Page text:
Warren Buffett, who has been running around complaining that the government should "stop coddling the super-rich" and should raise taxes, is reportedly suing the IRS to avoid $643 million in taxes that the government says Berkshire Hathaway's NetJets subsidiary owes the government for failing to collect ticket taxes from NetJets customers (who include Mr. Buffett himself). The suit against the IRS is filed by NetJets Large Aircraft Inc., not by Mr. Buffett himself, but Mr. Buffett is CEO of NetJet parent Berkshire and its largest individual shareholder.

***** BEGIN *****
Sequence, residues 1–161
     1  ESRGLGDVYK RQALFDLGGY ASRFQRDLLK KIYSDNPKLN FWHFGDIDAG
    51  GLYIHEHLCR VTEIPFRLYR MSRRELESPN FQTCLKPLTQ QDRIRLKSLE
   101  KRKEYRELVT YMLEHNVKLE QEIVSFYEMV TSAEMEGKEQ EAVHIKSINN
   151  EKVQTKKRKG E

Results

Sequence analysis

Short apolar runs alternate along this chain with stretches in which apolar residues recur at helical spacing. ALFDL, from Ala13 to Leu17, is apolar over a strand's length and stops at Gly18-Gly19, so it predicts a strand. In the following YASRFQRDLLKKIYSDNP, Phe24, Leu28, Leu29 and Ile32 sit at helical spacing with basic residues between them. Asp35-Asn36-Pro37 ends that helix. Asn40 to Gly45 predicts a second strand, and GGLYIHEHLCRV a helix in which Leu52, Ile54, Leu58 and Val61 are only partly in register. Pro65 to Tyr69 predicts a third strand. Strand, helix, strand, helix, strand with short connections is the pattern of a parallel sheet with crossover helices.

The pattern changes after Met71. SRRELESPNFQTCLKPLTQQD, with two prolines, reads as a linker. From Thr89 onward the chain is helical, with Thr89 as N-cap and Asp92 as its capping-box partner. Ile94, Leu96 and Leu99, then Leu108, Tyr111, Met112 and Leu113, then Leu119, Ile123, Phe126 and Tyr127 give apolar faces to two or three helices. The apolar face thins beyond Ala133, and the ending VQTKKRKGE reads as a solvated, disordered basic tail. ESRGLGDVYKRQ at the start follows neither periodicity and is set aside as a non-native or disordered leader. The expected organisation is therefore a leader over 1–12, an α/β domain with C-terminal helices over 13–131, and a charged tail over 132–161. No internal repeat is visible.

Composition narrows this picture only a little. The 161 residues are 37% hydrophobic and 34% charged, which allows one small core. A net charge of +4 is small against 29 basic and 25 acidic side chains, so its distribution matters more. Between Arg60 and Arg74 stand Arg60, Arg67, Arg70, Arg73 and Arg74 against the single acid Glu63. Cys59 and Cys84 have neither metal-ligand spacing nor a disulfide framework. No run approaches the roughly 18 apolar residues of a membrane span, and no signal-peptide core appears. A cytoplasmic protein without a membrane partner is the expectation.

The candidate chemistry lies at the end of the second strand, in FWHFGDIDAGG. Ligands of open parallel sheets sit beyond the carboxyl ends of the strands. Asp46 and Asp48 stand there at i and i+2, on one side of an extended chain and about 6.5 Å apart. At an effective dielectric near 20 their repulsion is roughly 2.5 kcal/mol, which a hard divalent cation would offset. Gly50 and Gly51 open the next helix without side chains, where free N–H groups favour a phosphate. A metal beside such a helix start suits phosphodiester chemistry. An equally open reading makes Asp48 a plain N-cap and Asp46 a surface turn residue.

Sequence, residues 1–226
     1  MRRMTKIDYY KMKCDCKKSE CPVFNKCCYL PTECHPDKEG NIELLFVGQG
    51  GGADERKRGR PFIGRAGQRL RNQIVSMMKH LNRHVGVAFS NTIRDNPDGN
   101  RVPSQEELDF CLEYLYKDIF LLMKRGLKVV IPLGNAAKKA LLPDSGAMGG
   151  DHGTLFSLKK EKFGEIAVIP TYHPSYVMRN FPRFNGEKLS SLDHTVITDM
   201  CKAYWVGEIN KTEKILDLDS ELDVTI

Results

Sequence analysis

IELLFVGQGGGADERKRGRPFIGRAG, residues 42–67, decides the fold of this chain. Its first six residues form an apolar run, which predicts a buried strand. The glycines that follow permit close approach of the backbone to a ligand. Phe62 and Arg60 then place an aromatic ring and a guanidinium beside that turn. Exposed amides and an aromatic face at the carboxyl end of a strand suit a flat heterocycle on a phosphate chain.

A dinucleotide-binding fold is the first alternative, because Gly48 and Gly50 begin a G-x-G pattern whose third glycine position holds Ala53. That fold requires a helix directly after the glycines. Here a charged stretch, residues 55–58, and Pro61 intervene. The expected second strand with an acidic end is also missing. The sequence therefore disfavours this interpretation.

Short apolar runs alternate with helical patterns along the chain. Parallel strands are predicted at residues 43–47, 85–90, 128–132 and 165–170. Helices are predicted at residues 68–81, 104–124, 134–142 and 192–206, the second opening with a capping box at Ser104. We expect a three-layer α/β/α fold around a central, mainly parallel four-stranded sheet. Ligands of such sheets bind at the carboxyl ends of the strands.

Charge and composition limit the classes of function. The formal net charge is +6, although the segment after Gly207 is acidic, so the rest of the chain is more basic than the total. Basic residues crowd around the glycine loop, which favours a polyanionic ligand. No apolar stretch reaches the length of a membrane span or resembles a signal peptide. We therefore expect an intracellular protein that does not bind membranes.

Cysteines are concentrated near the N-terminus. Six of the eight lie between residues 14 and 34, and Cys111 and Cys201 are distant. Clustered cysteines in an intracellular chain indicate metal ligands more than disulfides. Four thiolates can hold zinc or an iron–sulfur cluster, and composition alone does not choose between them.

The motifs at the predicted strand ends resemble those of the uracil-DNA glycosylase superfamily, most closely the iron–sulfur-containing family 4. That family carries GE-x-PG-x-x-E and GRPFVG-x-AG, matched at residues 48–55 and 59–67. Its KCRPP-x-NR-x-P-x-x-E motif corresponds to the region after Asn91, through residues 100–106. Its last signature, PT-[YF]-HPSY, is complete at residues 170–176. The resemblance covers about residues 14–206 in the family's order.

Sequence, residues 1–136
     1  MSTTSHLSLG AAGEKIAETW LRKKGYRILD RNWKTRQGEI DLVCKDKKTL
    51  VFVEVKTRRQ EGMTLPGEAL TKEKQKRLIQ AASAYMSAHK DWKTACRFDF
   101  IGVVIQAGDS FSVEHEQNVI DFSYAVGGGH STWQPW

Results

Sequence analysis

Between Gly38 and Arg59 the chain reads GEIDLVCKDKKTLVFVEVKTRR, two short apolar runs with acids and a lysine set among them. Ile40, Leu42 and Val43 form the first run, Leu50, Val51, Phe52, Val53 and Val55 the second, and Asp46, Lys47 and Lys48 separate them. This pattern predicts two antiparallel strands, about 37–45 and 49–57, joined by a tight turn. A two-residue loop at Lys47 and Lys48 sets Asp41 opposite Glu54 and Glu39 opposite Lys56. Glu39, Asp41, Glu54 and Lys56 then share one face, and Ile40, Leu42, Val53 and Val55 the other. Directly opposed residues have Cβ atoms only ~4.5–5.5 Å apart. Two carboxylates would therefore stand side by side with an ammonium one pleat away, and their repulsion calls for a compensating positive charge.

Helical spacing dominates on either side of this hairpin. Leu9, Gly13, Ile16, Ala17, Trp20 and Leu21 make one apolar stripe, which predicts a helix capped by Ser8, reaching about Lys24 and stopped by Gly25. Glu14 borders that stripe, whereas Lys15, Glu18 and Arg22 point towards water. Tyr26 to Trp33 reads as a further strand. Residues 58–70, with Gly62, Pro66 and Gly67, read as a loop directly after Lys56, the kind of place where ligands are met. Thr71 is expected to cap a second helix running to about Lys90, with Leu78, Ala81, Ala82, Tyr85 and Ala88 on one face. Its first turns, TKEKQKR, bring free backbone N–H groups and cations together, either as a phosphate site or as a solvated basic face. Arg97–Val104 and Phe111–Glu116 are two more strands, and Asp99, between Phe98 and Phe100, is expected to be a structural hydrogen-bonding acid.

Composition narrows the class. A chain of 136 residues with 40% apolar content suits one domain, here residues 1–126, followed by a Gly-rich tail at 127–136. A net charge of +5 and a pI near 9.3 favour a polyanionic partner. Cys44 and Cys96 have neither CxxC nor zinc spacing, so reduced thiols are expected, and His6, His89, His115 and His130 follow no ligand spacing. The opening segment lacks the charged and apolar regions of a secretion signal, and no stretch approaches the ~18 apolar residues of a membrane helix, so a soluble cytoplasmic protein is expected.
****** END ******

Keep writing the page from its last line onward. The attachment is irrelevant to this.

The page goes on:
Neither the Bloomberg News article, which is by Don Jeffrey and was edited by Charles Carter and Andrew Dunn, nor the Wall Street Journal story, by Erik Holm, comment on the obvious irony or inconsistency of Mr. Buffett running around claiming the government should raise taxes on other rich people while going to the unusual length of suing to avoid paying taxes the government says his company owes on behalf of its private-jet-using clients. When the tax man doesn't coddle Mr. Buffett, he sues! Whatever the merits of the underlying case, and whatever distinctions might be made between Berkshire the company or its customers and Mr. Buffett as an individual, it's still an amazing situation. Or maybe not so amazing to those of us who have argued all along that the tax increases Mr. Buffett favors would barely apply to him and would actually improve his position relative to his competitors. When it comes to a tax that actually hurts him or his company, he's willing to sue so that he keeps getting coddled.